The fully grown caterpillars are rather small (around 4cm to 6cm in size) because it is a small species. After feeding for about 1 to 1.5 months, the caterpillars are ready to pupate. At this point in time they will burrow in soil and form a pupa. They do not spin silk cocoons. Pupae are tiny, black and have small spines. Depending on the duration of daylength experience as larvae and temperatures the pupae may or may not diapause. Pupae can be stored cold during winter in a reasonably well isolated environment. While they occur even in Canada where winters get very cold (-20C) one should keep in mind they are normally protected from such harsh cold because they pupate underground. Isolate them well when overwintering them – soil, leaf litter, towels, moss or vermiculite can be used to archieve this.
The adults are rather short lived and live for about a week or less, females slightly longer than males. Males are active at night and are attracted to the pheromone of the female. Their lifespart is very short for a Saturniidae, althought this is to be expected of one of the smallest Saturniidae in North America. Females seem to lay 50 to 150+ eggs. Eggs of this species hatch in 10 to 15 days. This species hibernates in the pupal stage. Unhatched pupae can be kept cold in winter and will usually hatch next spring. Their wingspan is about 20mm-35mm and if disturbed they can retract their legs and play dead. Although pink may seem like a conspicuous colour to us, they can be quite well camouflaged in the right environment – especially between the red to pink maple leaves. To succesfully pair them it is best to have higher numbers to increase your chances, since the adults are short lived. They can be paired in well-ventilated netted cages/aerariums.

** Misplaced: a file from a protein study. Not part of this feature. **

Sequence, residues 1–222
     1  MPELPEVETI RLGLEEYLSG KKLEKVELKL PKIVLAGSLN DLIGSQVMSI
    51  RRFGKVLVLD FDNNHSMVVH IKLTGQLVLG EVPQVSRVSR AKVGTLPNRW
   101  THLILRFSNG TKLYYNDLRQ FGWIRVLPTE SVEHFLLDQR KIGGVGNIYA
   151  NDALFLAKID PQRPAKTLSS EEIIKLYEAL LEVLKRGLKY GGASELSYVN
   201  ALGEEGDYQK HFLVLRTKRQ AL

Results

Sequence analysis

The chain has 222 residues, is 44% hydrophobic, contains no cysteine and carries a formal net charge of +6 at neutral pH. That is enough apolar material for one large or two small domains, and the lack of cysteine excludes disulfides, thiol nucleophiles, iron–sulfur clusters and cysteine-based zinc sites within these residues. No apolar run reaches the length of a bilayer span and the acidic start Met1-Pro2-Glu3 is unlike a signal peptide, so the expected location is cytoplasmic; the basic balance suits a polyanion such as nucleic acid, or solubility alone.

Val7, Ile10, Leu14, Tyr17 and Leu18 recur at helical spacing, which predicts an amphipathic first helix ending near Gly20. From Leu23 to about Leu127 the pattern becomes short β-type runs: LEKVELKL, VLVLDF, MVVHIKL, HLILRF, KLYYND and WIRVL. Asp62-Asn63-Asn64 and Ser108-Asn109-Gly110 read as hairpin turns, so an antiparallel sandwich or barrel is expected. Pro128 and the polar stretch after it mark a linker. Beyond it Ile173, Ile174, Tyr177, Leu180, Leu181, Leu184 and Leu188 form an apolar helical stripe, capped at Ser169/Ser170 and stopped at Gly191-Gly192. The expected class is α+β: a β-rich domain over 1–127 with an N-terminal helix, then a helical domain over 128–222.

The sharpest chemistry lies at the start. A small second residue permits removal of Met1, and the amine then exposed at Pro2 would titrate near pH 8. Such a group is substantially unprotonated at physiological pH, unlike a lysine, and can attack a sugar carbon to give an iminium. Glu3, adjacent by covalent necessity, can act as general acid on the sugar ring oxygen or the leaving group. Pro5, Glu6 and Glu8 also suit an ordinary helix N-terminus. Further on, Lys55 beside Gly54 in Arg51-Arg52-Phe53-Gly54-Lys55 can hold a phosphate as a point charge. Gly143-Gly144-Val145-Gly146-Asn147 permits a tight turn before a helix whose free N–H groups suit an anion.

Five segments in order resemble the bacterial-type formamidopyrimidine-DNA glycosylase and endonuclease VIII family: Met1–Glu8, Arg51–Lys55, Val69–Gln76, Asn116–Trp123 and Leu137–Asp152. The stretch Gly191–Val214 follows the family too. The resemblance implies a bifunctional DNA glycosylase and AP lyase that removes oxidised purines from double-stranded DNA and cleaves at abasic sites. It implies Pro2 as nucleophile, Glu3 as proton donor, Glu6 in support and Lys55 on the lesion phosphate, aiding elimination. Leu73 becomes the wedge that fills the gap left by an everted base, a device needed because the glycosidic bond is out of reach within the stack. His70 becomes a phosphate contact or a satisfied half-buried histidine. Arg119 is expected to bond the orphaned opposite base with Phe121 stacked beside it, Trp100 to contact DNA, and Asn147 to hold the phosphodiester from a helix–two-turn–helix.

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Written by Bart Coppens, based on a real life breeding experience